Consequently, because Plaintiff has established genuine
issues of material fact as to whether Defendants Smith and
Sims violated his Eighth Amendment rights, and the courts
have clearly established the law on this matter, a reasonable
person in the position of Defendants Smith and Sims would
have known their alleged failure to intervene and protect
Plaintiff violated his Eighth Amendment rights. See
Pritchett v. Alford, 973 F.2d 307, 312 (4th Cir. 1992)
(setting forth the test for qualified immunity). They are
thus unentitled to qualified immunity in their individual
capacities. Therefore, the Court declines to adopt the
portion of the Magistrate Judge’s Report, ECF No. 106,
that recommends that Defendants Smith and Sims’s motion
for summary judgment be granted and that they are entitled to
qualified immunity. Accordingly, the Court will deny their
motion for summary judgment.
Court will now turn to Defendants Hunt and Bittinger’s
objections to the Report. First, Defendant Hunt insists that
the Magistrate Judge erred in recommending that his motion
for summary judgment be denied. ECF No. 119 at 9-14. In
particular, Defendant Hunt claims that Plaintiff has not
refuted the affidavits and other supporting evidence
submitted by him, which purportedly establish that he used
only a reasonable amount of force to secure Plaintiff in
light of Plaintiff’s resistance and refusal to obey his
orders. Id. at 11. Moreover, Defendant Hunt insists
that Plaintiff’s excessive force claim must fail
because the unrefuted evidence he submitted establishes that
Plaintiff suffered no injury as a result of the force used.
Id. at 12.
Hunt’s contentions are without merit. Contrary to his
argument, Plaintiff relied on more than the mere allegations
in the Complaint to refute the evidence presented by
Defendant Hunt. Specifically, Plaintiff relied on the
incident investigation report wherein Defendant Craig
reported facts in favor of Plaintiff. ECF No. 94-5 at 3.
incident investigation report, although Defendant Craig notes
he failed to observe the events leading up to Defendant
Hunt’s use of force, he states that Plaintiff
“showed no signs of aggression and was mild
mannered.” Id. Further, Defendant Craig
“thought the actions of [Defendant] Hunt were uncalled
for.” Id. The Magistrate Judge utilized this
report in her analysis of whether the subjective component of
Plaintiff’s Eighth Amendment excessive force claim met
the requirements of Whitley v. Albers, 475 U.S. 312,
321 (1986), and found in the affirmative. ECF No. 106 at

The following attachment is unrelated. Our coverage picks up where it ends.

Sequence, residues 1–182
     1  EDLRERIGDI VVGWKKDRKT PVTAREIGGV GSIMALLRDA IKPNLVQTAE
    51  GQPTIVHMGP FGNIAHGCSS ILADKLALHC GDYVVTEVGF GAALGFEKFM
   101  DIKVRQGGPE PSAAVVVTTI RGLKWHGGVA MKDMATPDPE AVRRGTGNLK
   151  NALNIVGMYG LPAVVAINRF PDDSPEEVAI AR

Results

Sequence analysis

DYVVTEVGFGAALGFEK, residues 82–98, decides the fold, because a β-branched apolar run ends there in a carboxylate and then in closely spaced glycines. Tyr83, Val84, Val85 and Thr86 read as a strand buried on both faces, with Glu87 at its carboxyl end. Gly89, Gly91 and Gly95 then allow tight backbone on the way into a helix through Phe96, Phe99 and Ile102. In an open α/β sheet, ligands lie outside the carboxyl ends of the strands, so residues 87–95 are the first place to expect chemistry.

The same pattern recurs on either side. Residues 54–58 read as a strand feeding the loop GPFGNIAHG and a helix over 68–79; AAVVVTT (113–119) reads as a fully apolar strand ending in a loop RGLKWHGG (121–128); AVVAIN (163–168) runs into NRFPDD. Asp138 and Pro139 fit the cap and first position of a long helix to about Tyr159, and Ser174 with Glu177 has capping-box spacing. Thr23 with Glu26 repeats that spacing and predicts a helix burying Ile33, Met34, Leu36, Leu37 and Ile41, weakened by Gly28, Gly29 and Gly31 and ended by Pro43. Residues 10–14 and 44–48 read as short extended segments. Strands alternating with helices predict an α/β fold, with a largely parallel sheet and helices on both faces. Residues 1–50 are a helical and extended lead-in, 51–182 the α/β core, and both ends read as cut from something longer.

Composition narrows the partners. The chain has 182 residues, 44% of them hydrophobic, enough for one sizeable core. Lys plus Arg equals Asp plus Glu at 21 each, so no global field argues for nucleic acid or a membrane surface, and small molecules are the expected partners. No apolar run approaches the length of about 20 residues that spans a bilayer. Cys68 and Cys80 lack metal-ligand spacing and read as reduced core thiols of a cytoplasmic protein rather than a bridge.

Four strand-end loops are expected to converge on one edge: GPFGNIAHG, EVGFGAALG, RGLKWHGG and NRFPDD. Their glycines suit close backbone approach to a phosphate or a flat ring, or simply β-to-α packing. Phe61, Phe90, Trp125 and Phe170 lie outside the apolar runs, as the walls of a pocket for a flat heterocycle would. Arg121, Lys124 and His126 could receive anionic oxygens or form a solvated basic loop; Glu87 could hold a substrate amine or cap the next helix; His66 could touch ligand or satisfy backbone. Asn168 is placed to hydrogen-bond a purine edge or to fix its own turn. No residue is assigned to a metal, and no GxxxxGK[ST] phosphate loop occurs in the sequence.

9-12. This Court holds that Defendant Craig’s
statement, taken in conjunction with Plaintiff’s
allegations, creates a genuine issue of material fact as to
whether Defendant Hunt “acted with a sufficiently
culpable state of mind.” See Iko v. Shreve,
535 F.3d 225, 238 (4th Cir. 2008) (internal quotation marks
omitted) (setting forth the elements of an Eighth Amendment
excessive force claim).
the objective inquiry of an excessive force claim, whether
“the deprivation suffered or injury inflicted on the
inmate was sufficiently serious, ” id.,
focuses not on the severity of any injuries inflicted, but
rather on the “nature of the force, ” which must
be “nontrivial.” Wilkins v. Gaddy, 559
U.S. 34, 38-39 (2010). Although there must be some evidence
of an injury, “[i]njury and force . . . are only
imperfectly correlated, and it is the latter that ultimately
counts.” Id. at 38. Thus, it is “the
nature of the force, rather than the extent of the injury,
” that is the “relevant inquiry.” Hill
v. Crum, 727 F.3d 312, 321 (4th Cir. 2013). Where, as
here, Plaintiff’s Complaint and medical records
indicate he sought medical assistance following the incident
and that the prison medical staff saw him several times for
complaints of neck pain, ECF Nos. 94-4, 95-5, the Court holds
that Plaintiff has established a genuine issue of material
fact as to whether the objective component of
Plaintiff’s Eighth Amendment excessive force claim has
been met. Consequently, because Plaintiff has established a
genuine issue of material fact regarding both the subjective
and objective components of his Eighth Amendment excessive
force claim, the Court will deny Defendant Hunt’s
motion for summary judgment.
Defendant Bittinger objects to the Magistrate Judge’s
suggestion that his motion for summary judgment be denied.
ECF No. 119 at 9-10, 14-19. Defendant Bittinger asseverates
that Plaintiff’s disciplinary hearing wherein he lost
canteen, telephone, and visitation privileges failed to
implicate a liberty interest triggering procedural due
process protections. Id. at 14. Additionally,
Defendant Bittinger urges that Plaintiff’s loss of
good-time credits cannot give rise to a claim for monetary
relief under 42 U.S.C. § 1983 resulting from procedural
defects at his disciplinary hearing. Id. at 16.
Further, Defendant Bittinger avouches that Plaintiff failed
to sign the charging document when served, resulting in the
waiver of his right to call witnesses at the disciplinary
hearing, pursuant to South Carolina Department of Corrections
policy. Id. at 17. Finally, Defendant Bittinger
alleges that Plaintiff has neglected to establish prejudice
by the inability to call witnesses at his disciplinary
hearing. Id. at 18.
Bittinger’s objection is likewise without merit. As set